I'm not a teacher.
The Past Perfect Continuous is formed by means of the Past Perfect of the auxiliary verb “to be” and Participle I of the notional verb.
We distinguish two uses of the Past Perfect Continuous: the Past Perfect Continuous Inclusive and the Past Perfect Continuous Exclusive.
1. The Past Perfect Continuous Inclusive denotes an action which began before a definite moment in the past, continued up to that moment and was still going on at that moment. Either the starting point of the action is indicated or the whole period of duration.
We could not go out because it had been raining since early morning.
We could not go out because it had been raining for two hours.
With certain non-terminative verbs both the Past Perfect Inclusive and the Past Perfect Continuous Inclusive are used:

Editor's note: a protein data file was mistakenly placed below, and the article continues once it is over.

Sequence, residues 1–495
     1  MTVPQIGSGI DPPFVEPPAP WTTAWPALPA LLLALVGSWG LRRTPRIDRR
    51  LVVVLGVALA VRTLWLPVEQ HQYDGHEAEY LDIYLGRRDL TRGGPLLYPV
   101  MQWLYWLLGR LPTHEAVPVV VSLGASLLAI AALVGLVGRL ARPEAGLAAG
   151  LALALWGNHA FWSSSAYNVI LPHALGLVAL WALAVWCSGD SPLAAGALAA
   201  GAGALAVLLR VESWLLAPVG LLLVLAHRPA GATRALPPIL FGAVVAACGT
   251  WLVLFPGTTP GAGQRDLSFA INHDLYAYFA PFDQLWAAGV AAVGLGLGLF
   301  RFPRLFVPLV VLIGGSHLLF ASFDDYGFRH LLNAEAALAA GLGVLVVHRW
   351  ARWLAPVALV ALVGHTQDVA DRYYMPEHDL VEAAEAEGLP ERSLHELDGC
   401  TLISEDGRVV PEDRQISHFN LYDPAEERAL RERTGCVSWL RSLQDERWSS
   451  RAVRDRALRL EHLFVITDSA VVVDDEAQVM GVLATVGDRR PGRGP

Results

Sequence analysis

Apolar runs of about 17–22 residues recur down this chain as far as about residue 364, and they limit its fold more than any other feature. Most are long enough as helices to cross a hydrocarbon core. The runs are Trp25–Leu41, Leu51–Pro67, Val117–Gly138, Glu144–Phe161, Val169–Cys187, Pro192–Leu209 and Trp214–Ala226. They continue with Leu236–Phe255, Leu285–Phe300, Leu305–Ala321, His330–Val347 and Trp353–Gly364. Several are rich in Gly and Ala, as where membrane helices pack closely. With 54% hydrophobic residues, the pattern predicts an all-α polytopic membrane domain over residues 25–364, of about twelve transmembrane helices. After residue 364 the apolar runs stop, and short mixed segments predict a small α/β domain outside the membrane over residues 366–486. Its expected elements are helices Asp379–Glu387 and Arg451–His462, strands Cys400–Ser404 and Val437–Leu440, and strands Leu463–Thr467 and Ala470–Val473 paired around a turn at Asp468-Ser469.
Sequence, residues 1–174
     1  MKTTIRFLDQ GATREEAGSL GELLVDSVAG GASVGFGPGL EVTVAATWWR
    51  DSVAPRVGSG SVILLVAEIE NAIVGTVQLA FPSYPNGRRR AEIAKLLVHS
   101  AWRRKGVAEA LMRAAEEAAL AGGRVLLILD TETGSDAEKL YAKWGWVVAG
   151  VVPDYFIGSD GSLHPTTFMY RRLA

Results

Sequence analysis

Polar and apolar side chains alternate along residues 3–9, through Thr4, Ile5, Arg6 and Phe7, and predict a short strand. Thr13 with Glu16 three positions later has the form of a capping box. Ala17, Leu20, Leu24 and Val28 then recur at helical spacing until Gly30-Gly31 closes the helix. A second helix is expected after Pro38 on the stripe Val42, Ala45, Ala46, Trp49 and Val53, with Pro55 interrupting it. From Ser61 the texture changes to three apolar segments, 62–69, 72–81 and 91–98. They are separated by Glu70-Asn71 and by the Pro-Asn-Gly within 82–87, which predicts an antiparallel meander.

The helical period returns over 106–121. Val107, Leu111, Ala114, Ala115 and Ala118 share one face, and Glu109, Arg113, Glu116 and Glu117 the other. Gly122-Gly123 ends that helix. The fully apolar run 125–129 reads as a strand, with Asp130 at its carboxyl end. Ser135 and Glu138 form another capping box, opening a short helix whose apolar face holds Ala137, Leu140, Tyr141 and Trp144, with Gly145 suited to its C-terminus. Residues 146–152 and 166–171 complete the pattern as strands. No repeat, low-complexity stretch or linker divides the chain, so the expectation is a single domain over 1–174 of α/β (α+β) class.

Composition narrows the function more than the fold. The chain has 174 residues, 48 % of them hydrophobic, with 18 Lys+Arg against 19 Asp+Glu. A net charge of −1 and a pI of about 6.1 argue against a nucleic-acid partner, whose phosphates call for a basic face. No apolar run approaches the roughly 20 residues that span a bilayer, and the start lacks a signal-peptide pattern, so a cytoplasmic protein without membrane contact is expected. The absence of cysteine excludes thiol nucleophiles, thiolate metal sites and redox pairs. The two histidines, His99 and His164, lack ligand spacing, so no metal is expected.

He said he had worked for twenty years. (The fact is emphasized.)
He said he had been working for a long time without achieving final results. (The process is emphasized.)
1. The Past Perfect Continuous Exclusive denotes an action which was no longer going on at a definite moment in the past, but which had been in progress not long before.
I sobbed a little still, but that was because I had been crying, not because I was crying then.
The Past Perfect Continuous Inclusive and the Past Continuous.
The Past Continuous is used to denote an action going on at a definite moment in the past, no previous duration 0f the action is expressed. The Past Perfect Continuous Inclusive is used when the previous duration of the action is expressed.
And now it was raining, had been raining for days the miserable fall rains of Eastern France.
The magnificent motor-car was waiting at the kerb. It had been waiting for two hours.